In the course of innumerable generations, all beings have been one’s older sister (bhaginī), father, mother, elder brother, younger brother, younger sister and relative. Furthermore, according to the true nature (satyalakṣaṇa) of dharmas, there is no father or mother, no elder or younger brother; but people who are submerged in the error of self believe in their existence and thus there is the question of father and mother, elder and younger brother. Therefore it is not a lie when, by virtue of a wholesome mind (kuśalacitta), we consider one another with the feelings we would feel (for example) for an older sister (bhaginī).

Source: academia.edu: A Study and Translation of the Gaganagañjaparipṛcchā

Bhaginī (भगिनी) refers to a “sister”, according to the Gaganagañjaparipṛcchā: the eighth chapter of the Mahāsaṃnipāta (a collection of Mahāyāna Buddhist Sūtras).—Accordingly: “[...] Then the Bodhisatva Gaganagañja said this to the women: ‘Sisters (bhaginī), bring your respective husbands just as they were’. Then the women, having brought their respective husbands, being filled with rejoicing and happiness of mind, returned to their respective homes. After that, by those magically conjured-up beings, during seven days, the women were brought to maturity, in the way that they attained the stage of not falling back from the supreme and perfect awakening. [...]”.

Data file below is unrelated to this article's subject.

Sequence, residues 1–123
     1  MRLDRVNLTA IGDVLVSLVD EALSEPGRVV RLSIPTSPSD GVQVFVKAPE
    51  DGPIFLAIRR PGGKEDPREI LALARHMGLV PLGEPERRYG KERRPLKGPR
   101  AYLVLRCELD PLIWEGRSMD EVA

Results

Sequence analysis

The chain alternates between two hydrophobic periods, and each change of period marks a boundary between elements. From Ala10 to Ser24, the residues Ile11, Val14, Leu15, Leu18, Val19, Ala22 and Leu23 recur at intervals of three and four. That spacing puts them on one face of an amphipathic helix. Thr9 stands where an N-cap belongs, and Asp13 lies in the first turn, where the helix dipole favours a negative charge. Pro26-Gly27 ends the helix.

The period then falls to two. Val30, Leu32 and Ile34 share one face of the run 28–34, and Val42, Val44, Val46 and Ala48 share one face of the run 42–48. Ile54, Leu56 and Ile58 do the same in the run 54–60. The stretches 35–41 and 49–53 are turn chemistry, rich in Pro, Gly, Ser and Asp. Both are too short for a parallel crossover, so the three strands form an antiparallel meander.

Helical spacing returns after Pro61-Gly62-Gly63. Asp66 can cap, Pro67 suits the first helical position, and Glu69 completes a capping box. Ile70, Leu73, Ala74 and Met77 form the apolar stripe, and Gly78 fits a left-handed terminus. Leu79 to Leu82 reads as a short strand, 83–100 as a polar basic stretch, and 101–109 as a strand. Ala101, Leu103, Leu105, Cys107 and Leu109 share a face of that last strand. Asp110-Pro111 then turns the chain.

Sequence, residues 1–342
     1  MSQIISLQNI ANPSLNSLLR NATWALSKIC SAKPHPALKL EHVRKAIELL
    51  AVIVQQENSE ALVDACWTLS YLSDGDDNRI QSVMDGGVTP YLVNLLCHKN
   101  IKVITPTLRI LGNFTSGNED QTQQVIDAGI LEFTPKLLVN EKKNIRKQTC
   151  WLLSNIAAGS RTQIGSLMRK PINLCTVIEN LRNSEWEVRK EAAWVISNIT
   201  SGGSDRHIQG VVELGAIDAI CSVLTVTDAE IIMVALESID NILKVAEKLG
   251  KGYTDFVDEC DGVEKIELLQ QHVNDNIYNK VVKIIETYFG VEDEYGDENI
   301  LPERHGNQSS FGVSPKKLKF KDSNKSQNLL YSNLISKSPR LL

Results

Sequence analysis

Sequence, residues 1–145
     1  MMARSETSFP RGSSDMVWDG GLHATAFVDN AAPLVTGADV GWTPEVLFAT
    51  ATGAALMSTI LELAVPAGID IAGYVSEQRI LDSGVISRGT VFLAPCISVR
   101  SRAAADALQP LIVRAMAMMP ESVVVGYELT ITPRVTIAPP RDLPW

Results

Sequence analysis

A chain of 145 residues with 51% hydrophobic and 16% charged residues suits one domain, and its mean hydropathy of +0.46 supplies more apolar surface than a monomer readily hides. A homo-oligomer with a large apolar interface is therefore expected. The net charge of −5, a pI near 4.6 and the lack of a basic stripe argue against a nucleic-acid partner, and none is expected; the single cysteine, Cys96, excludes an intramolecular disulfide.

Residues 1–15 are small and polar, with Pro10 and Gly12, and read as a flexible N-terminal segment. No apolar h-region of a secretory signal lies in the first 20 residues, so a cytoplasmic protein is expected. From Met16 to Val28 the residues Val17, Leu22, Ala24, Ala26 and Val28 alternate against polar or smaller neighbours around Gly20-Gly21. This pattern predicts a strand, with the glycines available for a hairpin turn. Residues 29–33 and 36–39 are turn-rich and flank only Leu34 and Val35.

Mahayana book cover
context information

Mahayana (महायान, mahāyāna) is a major branch of Buddhism focusing on the path of a Bodhisattva (spiritual aspirants/ enlightened beings). Extant literature is vast and primarely composed in the Sanskrit language. There are many sūtras of which some of the earliest are the various Prajñāpāramitā sūtras.

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Tibetan Buddhism (Vajrayana or tantric Buddhism)

Source: Wisdom Library: Tibetan Buddhism

1) Bhaginī (भगिनी) is the name of Vidyārājñī (i.e., “wisdom queen”) mentioned as attending the teachings in the 6th century Mañjuśrīmūlakalpa: one of the largest Kriyā Tantras devoted to Mañjuśrī (the Bodhisattva of wisdom) representing an encyclopedia of knowledge primarily concerned with ritualistic elements in Buddhism. The teachings in this text originate from Mañjuśrī and were taught to and by Buddha Śākyamuni in the presence of a large audience (including Bhaginī).

2) Bhaginī (भगिनी) also refers to a group of deities summoned by the Yamāntaka-mantra and mentioned as attending the teachings in the 6th century Mañjuśrīmūlakalpa.

Source: academia.edu: A Critical Study of the Vajraḍākamahātantrarāja (II)

Bhaginī (भगिनी) is the name of a Vākchomā (‘verbal secrect sign’) which has its meaning defined as ‘ḍākinī’ according to chapter 8 of the 9th-century Vajraḍākamahātantrarāja, a scripture belonging to the Buddhist Cakrasaṃvara (or Saṃvara) scriptural cycle. These Vākchomās (viz., bhaginī) are meant for verbal communication and can be regarded as popular signs, since they can be found in the three biggest works of the Cakrasaṃvara literature.